>> African Chop | Eat the World Los Angeles

Friday 11 December 2020

African Chop

In better times. Photo courtesy of African Chop.

๐Ÿ“ Various locations, check with vendor for schedule
๐Ÿฅค No Alcohol

EDITOR'S NOTE: This meal from late 2020 was purchased from their space in the Fashion District downtown. As of April 2023, the truck is back on the streets. An updated version of this article (08 March 2024) is available as part of the Historical section of our Substack page. Check that out here:

While Cameroon might be designated as part of central Africa when regions are described, many of its foods have a lot in common with west African countries, especially its neighbor Nigeria. There are of course regional differences in the country, but a good chunk of the population lives in the corridor between its most populous city Douala on the coast and inland Bamenda, all places fairly close to the border.

For those that have traveled through any countries in West Africa, and especially those with the remnants of English language left behind from colonial times, the name of this business gives away the soul. The word "chop" is either a verb meaning to eat or a noun that comes close to meaning "snack."

The pandemic's near-elimination of office building use has forced African Chop back to a similar situation as when they began back in 2017, taking online orders for pickup on certain days. They are now situated downtown in the Fashion District and for the time being their beautiful truck seen above is taking a break. That truck was the delicious fruition of all the time they spent doing stands at events and their own pop-up dinners.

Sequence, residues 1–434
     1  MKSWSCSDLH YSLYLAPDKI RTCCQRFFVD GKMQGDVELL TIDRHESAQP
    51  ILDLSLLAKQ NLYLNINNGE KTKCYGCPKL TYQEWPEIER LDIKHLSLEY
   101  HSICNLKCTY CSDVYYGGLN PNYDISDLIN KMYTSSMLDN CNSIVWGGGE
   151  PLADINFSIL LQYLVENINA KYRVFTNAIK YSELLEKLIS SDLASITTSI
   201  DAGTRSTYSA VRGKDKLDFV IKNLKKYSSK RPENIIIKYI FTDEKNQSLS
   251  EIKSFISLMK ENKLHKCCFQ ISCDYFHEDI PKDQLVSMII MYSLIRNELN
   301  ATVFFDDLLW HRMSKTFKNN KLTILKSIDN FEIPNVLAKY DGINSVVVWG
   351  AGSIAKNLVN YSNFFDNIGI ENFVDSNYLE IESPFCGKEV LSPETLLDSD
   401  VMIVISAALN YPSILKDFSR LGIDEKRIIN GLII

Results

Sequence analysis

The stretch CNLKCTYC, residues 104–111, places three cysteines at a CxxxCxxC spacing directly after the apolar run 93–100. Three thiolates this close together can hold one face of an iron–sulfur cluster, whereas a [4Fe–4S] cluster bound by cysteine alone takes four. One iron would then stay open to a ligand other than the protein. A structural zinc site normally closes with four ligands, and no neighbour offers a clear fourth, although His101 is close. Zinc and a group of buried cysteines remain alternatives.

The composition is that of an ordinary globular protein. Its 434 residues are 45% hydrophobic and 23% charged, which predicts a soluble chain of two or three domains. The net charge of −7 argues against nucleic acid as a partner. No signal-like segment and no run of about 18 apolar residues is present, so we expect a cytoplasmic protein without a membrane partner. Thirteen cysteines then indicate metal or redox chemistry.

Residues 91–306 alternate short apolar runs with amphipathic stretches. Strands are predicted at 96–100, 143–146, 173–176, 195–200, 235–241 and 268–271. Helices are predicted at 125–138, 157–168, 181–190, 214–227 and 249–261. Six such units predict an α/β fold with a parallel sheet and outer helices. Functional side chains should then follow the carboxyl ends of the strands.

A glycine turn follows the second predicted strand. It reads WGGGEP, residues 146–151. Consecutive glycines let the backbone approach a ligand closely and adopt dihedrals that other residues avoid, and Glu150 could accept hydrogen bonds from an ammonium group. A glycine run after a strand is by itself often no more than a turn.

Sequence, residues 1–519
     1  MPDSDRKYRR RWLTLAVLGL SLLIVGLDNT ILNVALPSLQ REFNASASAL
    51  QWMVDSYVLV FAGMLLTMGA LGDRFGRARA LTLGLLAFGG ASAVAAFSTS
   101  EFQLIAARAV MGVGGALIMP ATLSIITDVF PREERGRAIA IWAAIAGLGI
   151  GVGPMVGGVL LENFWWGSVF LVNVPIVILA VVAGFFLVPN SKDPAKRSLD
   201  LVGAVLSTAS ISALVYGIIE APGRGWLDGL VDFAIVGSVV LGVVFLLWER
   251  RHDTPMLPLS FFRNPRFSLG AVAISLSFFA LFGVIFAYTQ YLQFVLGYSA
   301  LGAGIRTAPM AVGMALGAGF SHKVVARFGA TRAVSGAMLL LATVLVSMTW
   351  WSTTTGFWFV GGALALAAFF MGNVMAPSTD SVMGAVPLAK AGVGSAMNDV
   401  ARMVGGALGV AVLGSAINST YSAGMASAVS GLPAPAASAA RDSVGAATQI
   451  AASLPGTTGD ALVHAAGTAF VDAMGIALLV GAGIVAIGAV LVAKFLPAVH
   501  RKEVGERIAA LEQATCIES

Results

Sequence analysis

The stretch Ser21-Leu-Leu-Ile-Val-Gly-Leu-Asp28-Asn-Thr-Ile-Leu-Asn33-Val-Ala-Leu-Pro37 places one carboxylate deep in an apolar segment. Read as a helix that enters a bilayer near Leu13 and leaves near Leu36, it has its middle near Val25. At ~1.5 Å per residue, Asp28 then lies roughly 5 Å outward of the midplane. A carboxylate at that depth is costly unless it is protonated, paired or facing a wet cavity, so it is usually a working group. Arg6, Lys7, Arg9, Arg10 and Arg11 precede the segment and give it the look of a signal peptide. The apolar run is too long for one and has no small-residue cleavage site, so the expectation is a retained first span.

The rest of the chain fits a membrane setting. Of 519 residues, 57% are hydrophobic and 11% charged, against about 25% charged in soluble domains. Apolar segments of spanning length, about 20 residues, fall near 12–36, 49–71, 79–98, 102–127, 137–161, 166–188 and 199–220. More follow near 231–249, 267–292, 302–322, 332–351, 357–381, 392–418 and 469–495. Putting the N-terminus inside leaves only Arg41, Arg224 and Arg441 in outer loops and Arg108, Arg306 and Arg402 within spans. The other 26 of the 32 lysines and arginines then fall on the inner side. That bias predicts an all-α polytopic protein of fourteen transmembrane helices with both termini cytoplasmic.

Thankfully the food is just as tasty as it was when they started getting some big attention around town and hopefully this new operation sustains them until we can all get outside, breath, and stand in lines for delicious food truck fare once again. The offerings are narrowed down to their bread and butter items, the chicken, beef and fish combos as well as a black bean vegan option. The fish combo ($15, above) is wild mackerel dried and grilled, along with a generous portion of their wonderful jollof rice, spinach, and fried plantains, all three of which come with any order.

Jollof rice is cooked all at once with a bit of pepper, lots of tomato, and other ingredients to the chef's taste like onion, garlic, and salt. There are competitions between countries and even popular songs denouncing other's jollof as tasting funny. Entering this playing field from a neutral perspective is a wonderful thing as pretty much all jollof is great from Sรฉnรฉgal to Cameroon.

Suya (soya) is skewered beef that is grilled by vendors on the street, much of which takes place at night and lifts clouds of smoke over areas with a lot of markets. Here the suya combo ($15, above) is served in the same spirit, spicy and smoky beef is expertly grilled and always comes with African Chop's famous pepper sauce. Be careful with this but go wild at the same time, it is so good.

To calm the taste buds, save bites of the fried sweet plantains and spinach, which sits in for huckleberry leaves to recreate the dish of njama njama. You can sometimes find this spiked with cayenne pepper, but here there might just be a little paprika and it works well paired with spicier meats. 
A deep fryer may not be available at their new kitchen, but if you ever see puff-puffs on their menu, grab some of this sweetened fried dough for dessert!

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